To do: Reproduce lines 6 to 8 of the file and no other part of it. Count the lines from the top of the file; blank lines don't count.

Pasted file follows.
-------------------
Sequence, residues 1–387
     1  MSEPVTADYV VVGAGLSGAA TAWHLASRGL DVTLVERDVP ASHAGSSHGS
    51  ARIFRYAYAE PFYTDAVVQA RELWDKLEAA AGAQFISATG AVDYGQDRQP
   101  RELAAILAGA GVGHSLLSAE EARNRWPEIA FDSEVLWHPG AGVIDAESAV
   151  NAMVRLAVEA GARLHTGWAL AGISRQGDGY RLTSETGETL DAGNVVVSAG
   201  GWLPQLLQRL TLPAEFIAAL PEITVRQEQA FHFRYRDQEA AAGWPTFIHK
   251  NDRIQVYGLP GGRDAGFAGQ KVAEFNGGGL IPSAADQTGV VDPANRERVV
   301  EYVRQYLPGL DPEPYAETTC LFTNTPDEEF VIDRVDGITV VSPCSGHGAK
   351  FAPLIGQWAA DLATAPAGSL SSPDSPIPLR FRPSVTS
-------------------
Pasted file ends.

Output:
   201  GWLPQLLQRL TLPAEFIAAL PEITVRQEQA FHFRYRDQEA AAGWPTFIHK
   251  NDRIQVYGLP GGRDAGFAGQ KVAEFNGGGL IPSAADQTGV VDPANRERVV
   301  EYVRQYLPGL DPEPYAETTC LFTNTPDEEF VIDRVDGITV VSPCSGHGAK